Archive for 'Printable Patterns'
Download these cute holiday-themed printables – patterned papers, gift tags, and to-do lists – from A Print A Day.
Very cute festive printable patterns for making paper chains, courtesy of Nicole at Whipup!
Living Locurto has a nice roundup of several sites with pretty printable patterns to download.
This deer and mushroom full-page printable design from Babalisme is super-kawaii! Shown below is a cute mini-notebook that she made from the paper:
PS – I’ve just added a new category – Printable Patterns - for this and other full-page printable pattern designs. These are great for making your own origami paper, or printing your own decorative paper for other projects like the notebook above. I’ve added our previous posts that featured printable patterns – check out the Printable Patterns category in the right sidebar for more resources –>
Pretty printable paper designs from Margit, who suggests printing them onto cardboard and making boxes out of them, but I think they would also work well for origami. You can’t go wrong with a cherry blossom design! [via CraftyPod]
Here in New Zealand we are now in the middle of winter, and when playing around with some LED fairy lights I thought I would combine my love for origami and bringing some winter sparkle to our house. And so the balloon lights were born!!
Ok let’s get started with the tutorial!
The Folding Trees Reviews are here to make your decisions easier. For each review, we make a project and report back on the difficulty, costs and time involved, plus any handy hints we developed along the way.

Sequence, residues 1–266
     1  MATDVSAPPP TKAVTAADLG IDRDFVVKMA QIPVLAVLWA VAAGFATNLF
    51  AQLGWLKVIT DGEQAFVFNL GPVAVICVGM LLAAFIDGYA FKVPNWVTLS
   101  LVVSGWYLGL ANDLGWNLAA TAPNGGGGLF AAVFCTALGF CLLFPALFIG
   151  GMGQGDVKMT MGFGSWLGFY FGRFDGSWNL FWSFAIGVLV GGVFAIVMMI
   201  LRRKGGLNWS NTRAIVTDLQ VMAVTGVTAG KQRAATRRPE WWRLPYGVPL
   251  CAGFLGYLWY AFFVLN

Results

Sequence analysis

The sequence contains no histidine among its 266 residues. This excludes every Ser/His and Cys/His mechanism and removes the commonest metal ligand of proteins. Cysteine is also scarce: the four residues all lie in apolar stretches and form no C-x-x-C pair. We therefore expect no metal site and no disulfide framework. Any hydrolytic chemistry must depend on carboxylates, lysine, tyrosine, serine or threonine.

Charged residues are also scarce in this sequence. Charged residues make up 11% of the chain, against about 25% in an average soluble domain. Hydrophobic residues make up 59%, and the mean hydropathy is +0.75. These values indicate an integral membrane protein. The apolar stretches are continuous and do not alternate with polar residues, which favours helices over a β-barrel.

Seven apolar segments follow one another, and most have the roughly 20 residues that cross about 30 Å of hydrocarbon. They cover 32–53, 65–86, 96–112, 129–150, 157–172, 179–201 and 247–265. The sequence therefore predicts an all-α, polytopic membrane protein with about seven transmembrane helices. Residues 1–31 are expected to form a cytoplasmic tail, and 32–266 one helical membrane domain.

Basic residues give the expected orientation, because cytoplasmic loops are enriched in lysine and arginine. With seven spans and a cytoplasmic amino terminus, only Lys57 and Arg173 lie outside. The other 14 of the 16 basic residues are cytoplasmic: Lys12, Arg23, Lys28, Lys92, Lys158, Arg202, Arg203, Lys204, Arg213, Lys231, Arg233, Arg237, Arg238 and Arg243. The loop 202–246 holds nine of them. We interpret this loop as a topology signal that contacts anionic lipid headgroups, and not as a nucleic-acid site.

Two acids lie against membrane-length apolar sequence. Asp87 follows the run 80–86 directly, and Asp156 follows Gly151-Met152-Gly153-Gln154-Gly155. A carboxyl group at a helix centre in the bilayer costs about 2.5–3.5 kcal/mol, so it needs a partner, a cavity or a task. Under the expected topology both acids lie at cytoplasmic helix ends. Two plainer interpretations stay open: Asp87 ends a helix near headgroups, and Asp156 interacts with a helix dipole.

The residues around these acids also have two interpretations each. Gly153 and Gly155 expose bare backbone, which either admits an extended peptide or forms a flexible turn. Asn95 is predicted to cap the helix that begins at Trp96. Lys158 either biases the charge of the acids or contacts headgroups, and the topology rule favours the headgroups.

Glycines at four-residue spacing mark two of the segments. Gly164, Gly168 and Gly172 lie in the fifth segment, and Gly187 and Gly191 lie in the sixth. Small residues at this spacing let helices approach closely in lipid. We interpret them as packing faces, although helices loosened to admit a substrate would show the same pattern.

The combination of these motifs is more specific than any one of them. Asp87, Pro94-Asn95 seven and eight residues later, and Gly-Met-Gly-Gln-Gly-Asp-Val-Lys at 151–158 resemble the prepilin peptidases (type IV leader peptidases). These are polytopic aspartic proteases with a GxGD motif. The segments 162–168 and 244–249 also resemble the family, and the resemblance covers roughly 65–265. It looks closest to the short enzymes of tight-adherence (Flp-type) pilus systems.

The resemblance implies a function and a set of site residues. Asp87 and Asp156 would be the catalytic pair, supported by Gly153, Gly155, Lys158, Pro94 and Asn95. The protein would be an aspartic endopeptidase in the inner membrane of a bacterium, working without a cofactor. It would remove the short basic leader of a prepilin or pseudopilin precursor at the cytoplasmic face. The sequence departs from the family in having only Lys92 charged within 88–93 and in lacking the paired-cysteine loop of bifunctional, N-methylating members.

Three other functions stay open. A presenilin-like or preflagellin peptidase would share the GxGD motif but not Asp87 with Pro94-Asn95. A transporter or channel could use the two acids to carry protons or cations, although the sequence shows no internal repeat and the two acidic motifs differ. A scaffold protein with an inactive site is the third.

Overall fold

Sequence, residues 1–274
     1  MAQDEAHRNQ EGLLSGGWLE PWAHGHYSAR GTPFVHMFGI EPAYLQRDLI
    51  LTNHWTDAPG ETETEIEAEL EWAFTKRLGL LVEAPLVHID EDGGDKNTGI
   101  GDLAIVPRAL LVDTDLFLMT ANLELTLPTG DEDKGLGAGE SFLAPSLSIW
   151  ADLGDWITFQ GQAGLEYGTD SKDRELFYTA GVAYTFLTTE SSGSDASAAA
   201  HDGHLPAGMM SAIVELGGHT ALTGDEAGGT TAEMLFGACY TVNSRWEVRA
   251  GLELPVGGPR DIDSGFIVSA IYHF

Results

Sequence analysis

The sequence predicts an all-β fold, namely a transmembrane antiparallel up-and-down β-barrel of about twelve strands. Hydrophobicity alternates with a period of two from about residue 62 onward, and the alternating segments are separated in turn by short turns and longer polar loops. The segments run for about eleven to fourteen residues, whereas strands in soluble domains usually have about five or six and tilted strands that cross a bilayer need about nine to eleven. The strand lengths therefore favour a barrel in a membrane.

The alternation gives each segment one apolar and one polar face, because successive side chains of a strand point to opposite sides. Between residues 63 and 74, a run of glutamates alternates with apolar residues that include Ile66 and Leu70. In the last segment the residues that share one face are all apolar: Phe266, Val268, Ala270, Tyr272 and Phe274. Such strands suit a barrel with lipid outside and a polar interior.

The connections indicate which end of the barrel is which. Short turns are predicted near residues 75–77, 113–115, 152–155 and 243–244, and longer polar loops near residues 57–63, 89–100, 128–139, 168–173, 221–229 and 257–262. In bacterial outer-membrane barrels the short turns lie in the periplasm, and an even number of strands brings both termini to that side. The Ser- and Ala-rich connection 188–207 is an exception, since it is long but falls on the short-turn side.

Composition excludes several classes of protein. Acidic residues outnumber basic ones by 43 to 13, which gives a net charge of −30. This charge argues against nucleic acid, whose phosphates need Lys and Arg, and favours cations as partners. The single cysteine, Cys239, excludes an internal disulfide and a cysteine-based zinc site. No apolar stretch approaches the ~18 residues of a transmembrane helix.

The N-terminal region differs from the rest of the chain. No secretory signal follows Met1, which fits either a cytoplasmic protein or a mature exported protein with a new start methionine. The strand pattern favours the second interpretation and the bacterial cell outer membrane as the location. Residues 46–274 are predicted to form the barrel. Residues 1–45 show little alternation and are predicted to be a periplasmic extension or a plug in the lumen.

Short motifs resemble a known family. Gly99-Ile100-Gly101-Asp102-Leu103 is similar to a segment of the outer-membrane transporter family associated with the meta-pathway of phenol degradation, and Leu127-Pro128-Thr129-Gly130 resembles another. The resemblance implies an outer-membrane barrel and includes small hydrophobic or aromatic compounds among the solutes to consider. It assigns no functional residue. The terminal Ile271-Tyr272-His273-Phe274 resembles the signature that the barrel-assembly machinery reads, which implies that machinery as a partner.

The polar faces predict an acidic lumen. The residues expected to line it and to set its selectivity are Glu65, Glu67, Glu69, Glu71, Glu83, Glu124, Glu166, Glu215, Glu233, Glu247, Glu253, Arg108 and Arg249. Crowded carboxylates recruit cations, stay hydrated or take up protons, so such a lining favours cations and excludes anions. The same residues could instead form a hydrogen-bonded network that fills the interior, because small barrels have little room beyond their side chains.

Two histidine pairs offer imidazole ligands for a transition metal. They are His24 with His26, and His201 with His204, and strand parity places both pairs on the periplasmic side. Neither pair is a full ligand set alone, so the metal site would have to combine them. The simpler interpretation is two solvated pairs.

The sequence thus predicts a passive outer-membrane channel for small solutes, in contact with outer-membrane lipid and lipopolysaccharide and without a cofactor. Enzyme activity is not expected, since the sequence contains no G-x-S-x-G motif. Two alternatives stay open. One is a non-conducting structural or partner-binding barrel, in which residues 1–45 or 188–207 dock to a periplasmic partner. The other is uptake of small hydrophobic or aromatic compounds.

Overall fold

Whilst looking for resources to highlight on Folding Trees, I’ve come across several sites that offer printable origami patterns. Origami paper can be expensive and/or difficult to find, so to be able to print your favourite designs on demand sounds like a great solution. But what’s the print quality like? And how does it hold up to being folded into origami? Let’s find out…
First impressions: looks good! Although it doesn’t have the texture or richness of the best origami papers, the pattern was distinct and the colours were lovely. The pattern I downloaded was a 8.5×11″ pdf file, so it filled an entire sheet of paper when I printed it onto regular white printer paper.
I decided to cut it into smaller squares, and I calculated that I could make 30 (5×6) 4cm squares from one sheet of printed paper – what a bargain! (Tip: a paper cutter is invaluable to speed up this stage!)
After cutting it into squares, it still looks great, but the real test is in the folding. I like to strongly crease my folds with my fingernail, and I thought this homemade origami paper might develop white lines along the folds after creasing…
No problem! No white lines, and the paper stood up well to folding. The paper was probably slightly thicker than regular origami paper, but it still came together well.
Print only the designs and colours you like, on demand, at any time.
I folded all 30 of my 30 squares into one stellated icosahedron - I’m addicted to making them!
Level of difficulty
to print the paper (I’m not rating the folding as that’s not the point of this review!)
- as long as you already own a printer, this is essentially free!
Here are some free patterns that you can use for all types of printing projects. And here are some sites with origami paper patterns available to download and print:
- Canon Chiyogami patterns (I printed Akikusa-mon in blue for this review)
- thekhans Origami Papers
- Origami Club: Japanese patterns
- Origami Club: Other patterns
If you try printing some origami paper, show us what you do with it in the Folding Trees flickr group!